ALL children in Ireland aged five to 11 years will be offered their first dose of a coronavirus vaccine from today.
While vaccines are already available for children at risk of severe illness, or those living with someone at higher risk from the virus, this will be expanded to give all children access to a jab.
Commenting on the policy change, Chief Medical Officer Tony Holohan said: "While we know that most children in in the 5 - 11 age group will experience a very mild form of this disease, for a small few, they may become severely ill.
"Vaccines are doing an excellent job of preventing severe illness and disease in those who are fully vaccinated. This is good news.
"Getting your child vaccinated is a decision between you and your child. I encourage all parents and guardians to engage with the trusted health advice available on the HSE website, and with your own family clinician if you have any concerns about bringing your child for this vaccine."
The announcement comes as the booster rollout is being extended – a week ahead of schedule – to those over sixteen.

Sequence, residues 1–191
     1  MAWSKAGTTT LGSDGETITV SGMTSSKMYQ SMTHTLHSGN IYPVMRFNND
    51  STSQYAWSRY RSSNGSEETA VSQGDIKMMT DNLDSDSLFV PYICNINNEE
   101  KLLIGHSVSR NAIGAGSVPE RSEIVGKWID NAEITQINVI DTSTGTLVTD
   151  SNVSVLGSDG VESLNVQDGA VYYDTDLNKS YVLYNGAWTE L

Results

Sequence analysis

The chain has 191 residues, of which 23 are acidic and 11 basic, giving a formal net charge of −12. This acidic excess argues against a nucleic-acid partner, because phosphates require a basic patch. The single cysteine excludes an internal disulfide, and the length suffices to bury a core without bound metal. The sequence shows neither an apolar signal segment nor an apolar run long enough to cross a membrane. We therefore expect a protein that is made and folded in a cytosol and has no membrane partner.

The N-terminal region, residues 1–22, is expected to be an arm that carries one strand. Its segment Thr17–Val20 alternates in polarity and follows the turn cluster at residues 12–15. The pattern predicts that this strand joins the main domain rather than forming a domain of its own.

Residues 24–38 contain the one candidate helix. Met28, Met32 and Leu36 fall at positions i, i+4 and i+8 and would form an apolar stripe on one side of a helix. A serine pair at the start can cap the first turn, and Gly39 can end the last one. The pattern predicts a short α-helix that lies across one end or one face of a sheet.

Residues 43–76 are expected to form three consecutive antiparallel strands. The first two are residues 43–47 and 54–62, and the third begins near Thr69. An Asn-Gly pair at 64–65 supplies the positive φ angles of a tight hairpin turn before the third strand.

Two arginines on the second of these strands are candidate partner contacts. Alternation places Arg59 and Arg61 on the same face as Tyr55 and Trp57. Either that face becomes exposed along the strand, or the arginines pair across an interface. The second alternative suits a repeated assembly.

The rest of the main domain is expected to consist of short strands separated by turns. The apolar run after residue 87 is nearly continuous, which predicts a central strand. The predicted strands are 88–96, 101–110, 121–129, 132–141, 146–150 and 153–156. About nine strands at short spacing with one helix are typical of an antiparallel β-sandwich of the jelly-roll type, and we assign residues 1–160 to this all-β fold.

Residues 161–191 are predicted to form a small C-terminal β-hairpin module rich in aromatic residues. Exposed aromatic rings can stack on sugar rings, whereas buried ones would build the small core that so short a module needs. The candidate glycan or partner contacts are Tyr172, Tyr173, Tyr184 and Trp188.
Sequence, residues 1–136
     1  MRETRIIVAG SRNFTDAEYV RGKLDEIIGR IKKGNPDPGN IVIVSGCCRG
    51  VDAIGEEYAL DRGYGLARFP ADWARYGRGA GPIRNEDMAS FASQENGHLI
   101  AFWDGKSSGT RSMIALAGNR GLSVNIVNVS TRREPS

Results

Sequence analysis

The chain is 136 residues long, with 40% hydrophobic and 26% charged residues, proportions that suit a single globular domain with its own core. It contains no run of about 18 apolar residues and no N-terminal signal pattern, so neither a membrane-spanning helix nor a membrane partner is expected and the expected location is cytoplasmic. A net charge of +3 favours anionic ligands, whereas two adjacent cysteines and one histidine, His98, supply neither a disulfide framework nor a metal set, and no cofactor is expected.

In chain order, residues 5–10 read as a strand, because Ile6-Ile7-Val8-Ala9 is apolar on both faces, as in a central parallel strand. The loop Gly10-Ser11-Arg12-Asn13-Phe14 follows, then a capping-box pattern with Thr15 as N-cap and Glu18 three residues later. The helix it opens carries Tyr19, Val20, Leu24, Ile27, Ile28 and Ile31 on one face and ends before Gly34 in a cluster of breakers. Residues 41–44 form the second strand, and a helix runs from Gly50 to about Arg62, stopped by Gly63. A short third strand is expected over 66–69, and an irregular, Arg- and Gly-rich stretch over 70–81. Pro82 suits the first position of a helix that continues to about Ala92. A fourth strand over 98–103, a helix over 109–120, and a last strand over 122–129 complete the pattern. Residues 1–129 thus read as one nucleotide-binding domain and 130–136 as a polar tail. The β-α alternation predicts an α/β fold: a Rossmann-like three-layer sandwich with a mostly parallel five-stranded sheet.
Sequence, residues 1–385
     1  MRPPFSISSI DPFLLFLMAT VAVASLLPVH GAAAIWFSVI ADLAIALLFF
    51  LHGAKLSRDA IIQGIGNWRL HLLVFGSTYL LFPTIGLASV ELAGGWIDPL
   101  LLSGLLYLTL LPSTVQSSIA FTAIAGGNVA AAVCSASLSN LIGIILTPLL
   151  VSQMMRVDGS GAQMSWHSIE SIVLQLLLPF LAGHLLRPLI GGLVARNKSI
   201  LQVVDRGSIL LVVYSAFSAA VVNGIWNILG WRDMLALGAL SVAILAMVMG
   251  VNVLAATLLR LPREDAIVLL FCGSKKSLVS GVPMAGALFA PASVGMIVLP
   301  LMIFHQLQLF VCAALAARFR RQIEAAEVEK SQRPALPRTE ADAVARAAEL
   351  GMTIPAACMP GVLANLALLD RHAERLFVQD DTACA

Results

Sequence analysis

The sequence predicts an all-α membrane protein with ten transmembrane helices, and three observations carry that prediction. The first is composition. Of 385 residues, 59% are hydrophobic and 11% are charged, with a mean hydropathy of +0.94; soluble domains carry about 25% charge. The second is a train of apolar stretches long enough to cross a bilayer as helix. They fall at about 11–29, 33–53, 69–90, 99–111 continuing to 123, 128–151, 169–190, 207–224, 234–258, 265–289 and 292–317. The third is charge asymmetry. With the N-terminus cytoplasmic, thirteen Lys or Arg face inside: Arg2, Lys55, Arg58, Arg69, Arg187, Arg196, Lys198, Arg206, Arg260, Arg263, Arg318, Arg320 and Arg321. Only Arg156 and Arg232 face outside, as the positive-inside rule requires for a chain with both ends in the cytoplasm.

Appearing on RTÉ's Today with Claire Byrne, HSE Director-General Paul Reid said there has been a 140% increase in hospitalisations over a 14-day period.
Hospital staff levels are struggling to cope, he said, compared to January last year.
"In particular where we're seeing a high level of impact is in our frontline staff," he said.
"Of the numbers we are reporting [that are] out, about 35% of those are nursing and midwives, and a further 35% are people directly involved in patient and client care, health and social care professionals in our community...and indeed our National Ambulance Service," Mr Reid said.
On Monday, the nation reported 16,986 cases of Covid-19. The figure rose to 21,926 by Friday evening.
Among the 865 patients currently in hospital with the virus, 84 are in intensive care units.